We are working with the template — description, interpretation, analysis, evaluation, research. We will watching the film excerpt below. We will then discuss  the template  — not the video — and then divide the class into groups.


Each group will take on the whole template but then “present” their views on only one aspect of the template: description, for instance, or evaluation. One person from each group may use a computer to research any question that comes up during this process. The designated research er will use their personal sign-in to the computer and the local password, which is masscomm. After each presentation, I will explore the presenter’s answers, along with questioning members of the group. Presentations will be made by the entire group.

History –

We saw Negroponte in the “60 Minutes” introduction to his product. Here’s his actual product as it goes out to children in Colombia:


We have to begin thinking about Google — here are the creators, central figures in modern mass comm —


26 January 2009

There will be a short quiz on Friday. Please review the study guide by clicking the tab at the top of this page.

The lesson plans for Level I and Level II will remain the same throughout this week. After that, or soon after that, Level II will move on to production for the first report period and distribution in the second report period. Recall, the  purpose of merging Level I and Level II for now is to acquaint Level II with the wider meaning of Mass Communication,  to make clear the significance and breadth of the mass media.


Discuss Final Film for last semester. And/or alternatively, if the system does not support it, discuss —


1. How do you feel about Iran after seeing this film?

2. What did the “crawls” say about the writer?

3. Has this film changed your views of Iran?

4. What if I told you Baghdad was more modern than the Iran pictured here before the war on Saddam Hussein?

5. What was wrong with the images we saw?

6. Weapons of Mass Destruction and George Bush —

Sunni/Shiite, nuclear, terrorist support, Hezbollah — The role and responsibility of research

Key to Mass Comm: The Template

o – “If man were a fish, the last thing he would discover would be water.” If applied to the media, as we discussed last week, how would this statement/aphorism help us to determined truth from fiction, reality from illusion, bias from candor when we are saturated by media? Discuss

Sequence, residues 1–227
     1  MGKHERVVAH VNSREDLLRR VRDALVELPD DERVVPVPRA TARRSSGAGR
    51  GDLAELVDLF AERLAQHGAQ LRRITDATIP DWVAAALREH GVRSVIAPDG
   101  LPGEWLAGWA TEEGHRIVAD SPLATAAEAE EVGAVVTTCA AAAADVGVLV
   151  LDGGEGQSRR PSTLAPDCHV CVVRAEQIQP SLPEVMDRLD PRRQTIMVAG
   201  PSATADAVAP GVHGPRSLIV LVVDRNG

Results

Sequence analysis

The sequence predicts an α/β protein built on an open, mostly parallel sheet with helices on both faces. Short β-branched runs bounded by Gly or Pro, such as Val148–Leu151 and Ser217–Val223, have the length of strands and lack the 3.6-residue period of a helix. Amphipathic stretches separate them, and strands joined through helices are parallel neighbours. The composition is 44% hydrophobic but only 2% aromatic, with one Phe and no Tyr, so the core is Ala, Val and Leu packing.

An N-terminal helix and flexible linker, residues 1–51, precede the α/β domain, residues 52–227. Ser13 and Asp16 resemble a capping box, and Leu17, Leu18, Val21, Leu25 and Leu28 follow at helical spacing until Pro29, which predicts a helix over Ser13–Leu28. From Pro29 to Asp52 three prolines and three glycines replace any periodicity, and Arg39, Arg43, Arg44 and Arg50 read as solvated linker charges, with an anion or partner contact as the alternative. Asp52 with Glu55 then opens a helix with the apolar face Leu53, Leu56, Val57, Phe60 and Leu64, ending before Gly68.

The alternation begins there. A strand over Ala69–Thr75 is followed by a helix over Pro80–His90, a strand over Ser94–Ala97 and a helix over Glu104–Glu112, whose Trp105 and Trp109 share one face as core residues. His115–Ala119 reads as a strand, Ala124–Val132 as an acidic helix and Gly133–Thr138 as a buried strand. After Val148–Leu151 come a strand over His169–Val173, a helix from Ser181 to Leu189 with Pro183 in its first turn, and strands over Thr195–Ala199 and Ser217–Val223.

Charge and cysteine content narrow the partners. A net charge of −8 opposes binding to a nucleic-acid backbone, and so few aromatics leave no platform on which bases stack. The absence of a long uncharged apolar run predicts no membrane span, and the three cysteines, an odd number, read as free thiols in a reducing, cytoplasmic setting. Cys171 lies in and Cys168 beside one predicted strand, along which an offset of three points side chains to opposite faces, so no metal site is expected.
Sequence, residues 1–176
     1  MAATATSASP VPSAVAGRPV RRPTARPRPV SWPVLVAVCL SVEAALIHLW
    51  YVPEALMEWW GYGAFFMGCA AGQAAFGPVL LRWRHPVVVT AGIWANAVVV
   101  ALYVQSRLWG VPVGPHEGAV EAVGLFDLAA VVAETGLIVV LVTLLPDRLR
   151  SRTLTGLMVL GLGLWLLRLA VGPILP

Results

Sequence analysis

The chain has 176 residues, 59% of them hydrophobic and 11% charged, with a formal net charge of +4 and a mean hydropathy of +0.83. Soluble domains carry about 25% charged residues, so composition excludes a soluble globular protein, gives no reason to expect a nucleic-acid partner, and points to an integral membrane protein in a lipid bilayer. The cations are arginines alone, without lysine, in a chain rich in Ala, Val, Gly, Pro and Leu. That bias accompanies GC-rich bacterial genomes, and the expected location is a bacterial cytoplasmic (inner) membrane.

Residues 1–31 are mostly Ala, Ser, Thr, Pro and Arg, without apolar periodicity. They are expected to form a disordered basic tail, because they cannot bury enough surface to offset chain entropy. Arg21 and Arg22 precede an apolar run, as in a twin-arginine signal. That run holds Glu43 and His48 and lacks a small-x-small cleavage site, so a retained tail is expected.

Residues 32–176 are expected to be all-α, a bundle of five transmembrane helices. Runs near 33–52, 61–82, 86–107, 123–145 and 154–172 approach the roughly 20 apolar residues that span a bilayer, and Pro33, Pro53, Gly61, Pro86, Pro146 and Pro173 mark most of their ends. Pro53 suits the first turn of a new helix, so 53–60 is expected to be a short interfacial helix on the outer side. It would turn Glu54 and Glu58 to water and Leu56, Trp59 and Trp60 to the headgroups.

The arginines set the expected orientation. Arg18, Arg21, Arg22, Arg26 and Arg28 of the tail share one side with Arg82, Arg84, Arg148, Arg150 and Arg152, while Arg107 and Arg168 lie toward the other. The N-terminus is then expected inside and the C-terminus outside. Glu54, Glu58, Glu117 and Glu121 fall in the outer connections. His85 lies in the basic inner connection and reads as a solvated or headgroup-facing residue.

o – Discuss the elements of the template: describe, interpret, analyze, evaluate… research each element…

– The class will be divided into different parts and each assinged one of these elements of description, interpretation, etc. as we review the following video:


Sites to be aware of:

48 hour film project — Watch some films; read the rules; get the concept. Discuss


Current — How is this site different from YouTube?



History of Mass Communication through the study of key figures:

Who is Tim Berners-Lee:




23 January 2009 – Lesson plan… Level I and II

Opener – Rive

Opener – Kevin Kelly

(with thanks to “The Ad and the Ego”) – We live in a consumer culture. The space around us is either for sale or available for advertising, even here in school, at the ball fields, on the walls. Our clothes become walking advertisements. Advertising affects us in subtle and not so subtle ways, always promising to improve our lives. Do the things we see advertised really affect our lives for the better? About how many advertisements do you think you are exposed to in the course of a day?

Do material goods improve our lives?
Are we more attractive?
Are we smarter?
If you can’t afford – or your family doesn’t want to pay for – some of the really cool stuff you see advertised, where does that leave you?
Are you less of a person, less cool?
What is cool?


Class activity – the class divides into groups of threes – each group a magazine. The group must choose one or two advertisement(s) from the magazine and say why they think it is the best ad. Each person must give their own opinion of the specific ad.